The Lyceum, oldest building on the campus
The Lyceum, oldest building on the campus of the University of Mississippi on April 12, 2008 in Oxford, Mississippi. Wesley Hitt/Getty Images

The next one: A student in the local college transitions from female to male, and asks an old friend, who is an evangelical Christian, to start using the pronoun "he" instead of "she," going forward. "It would mean a lot to me," the transgender student entreats.

"I love and respect you," the young Christian friend replied, "but you're asking me to say something that's not in keeping with my beliefs. I really need to think about what you've asked."

Seeing that his transgender friend was not pleased with the answer, the young Christian presses on. "Look, you know I get my identity through Jesus Christ, and He animates every part of my life. How would you feel if I asked you to say the words, 'Jesus died for our sins' every time we spoke? Or say the Lord's Prayer every time we ate together? I've never asked you to do anything like that because I know you think my belief in Jesus is strange, and even a bit crazy. And I'm not offended," he laughed.

The friend wasn't finished. "To coerce you into saying something you don't believe is actually the opposite of love, the opposite of tolerance. Might you consider offering me that same grace?"

"I never thought about it that way before," the friend replied. "I need some time to think about this too. How about lunch?"

Who's the intolerant jerk this time? In that scenario, at least, no one is.

Thanks to social media's algorithms, it's never been easier to surround ourselves with like-minded people. One downside—and there are too many to count—is this: We start to see our groups as wise, morally upright, and tolerant, and those with whom we disagree as intolerant dopes. Those differences blind us to the things we share in common.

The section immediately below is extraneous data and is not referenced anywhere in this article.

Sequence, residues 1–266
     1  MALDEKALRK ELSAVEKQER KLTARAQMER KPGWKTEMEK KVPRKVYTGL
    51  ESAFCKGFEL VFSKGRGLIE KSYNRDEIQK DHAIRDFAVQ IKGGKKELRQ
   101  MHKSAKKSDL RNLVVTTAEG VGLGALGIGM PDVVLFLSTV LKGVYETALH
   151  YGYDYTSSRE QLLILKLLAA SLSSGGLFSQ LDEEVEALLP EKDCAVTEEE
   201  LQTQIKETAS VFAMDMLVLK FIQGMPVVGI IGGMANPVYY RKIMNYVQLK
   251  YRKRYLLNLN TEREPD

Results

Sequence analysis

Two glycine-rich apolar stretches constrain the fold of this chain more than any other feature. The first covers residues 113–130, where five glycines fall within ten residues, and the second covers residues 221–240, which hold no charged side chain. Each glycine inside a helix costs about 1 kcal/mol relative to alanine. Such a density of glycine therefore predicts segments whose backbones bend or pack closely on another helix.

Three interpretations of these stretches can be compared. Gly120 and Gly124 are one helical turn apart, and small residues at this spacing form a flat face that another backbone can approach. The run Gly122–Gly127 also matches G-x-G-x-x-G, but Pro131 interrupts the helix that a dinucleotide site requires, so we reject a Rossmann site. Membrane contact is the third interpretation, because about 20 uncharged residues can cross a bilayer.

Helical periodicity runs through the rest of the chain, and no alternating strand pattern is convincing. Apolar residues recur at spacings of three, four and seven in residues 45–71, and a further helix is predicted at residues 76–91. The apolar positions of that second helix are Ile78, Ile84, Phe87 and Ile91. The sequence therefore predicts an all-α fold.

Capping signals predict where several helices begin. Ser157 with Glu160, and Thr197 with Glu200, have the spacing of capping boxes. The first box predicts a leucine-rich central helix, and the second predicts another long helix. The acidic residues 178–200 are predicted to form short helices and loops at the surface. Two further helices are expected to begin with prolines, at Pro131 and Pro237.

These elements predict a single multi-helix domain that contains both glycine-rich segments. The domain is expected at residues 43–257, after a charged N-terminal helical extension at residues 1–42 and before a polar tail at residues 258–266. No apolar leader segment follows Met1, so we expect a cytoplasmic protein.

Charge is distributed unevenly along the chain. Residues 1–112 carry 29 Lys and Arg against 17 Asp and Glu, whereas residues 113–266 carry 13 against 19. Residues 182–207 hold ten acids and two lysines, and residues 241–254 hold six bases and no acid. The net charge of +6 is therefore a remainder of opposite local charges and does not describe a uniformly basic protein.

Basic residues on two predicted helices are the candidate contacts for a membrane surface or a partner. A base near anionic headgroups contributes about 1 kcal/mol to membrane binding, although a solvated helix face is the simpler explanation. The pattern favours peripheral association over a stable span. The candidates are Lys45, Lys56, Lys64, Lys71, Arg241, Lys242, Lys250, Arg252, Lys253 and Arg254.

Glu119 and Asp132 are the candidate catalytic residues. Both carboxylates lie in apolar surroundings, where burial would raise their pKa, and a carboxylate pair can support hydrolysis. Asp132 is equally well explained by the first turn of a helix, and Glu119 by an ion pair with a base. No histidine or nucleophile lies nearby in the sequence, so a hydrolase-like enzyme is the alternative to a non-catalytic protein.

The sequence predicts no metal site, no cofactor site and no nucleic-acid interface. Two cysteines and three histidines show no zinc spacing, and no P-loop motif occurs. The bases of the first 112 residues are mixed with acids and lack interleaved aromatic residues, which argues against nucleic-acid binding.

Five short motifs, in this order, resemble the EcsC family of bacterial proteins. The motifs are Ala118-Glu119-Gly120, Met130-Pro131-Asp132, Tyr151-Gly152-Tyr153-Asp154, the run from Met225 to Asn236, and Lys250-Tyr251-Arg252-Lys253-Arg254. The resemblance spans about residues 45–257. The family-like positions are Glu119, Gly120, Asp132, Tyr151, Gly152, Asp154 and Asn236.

America is a vast place, filled with people from every part of the globe, every race and ethnic creed, and every faith tradition. And we come here because in America, we're free to pursue our passions and speak our minds without threat from the government—or warring ethnic or political tribes.

The late, great British historian Paul Johnson recently called America a "marvelous country" in a Wall Street Journal piece—a "working multiracial democracy" that he claimed was "the greatest of all human adventures."

"I do not acknowledge the existence of hyphenated Americans," Johnson noted. "They are all Americans to me: black, white, red, brown, yellow, thrown together by fate in that swirling maelstrom of history which has produced the most remarkable people the world has ever seen."

Of course, it is and should be unlawful to discriminate against anyone on the basis of religion, race, or sexual orientation in the public square, or what's known in legal circles as "public accommodations."

But how we handle our private and sometimes profound differences between and among us is a different matter altogether. And how we treat one another really matters.

As we navigate our way through the mosaic of American life and find ourselves in thorny political or philosophical thickets with people we like and love—and people we don't—we should ask ourselves, as we're doing what we're doing or saying what we're saying to someone with whom we fundamentally disagree, "Am I the Intolerant Jerk?"

And then we should do our best not to be that person—for our sake, and for everyone else's.

Lee Habeeb is vice president of content for Salem Radio Network and host of "Our American Stories." He lives in Oxford, Mississippi with his wife, Valerie, and his daughter, Reagan.

The views expressed in this article are the writer's own.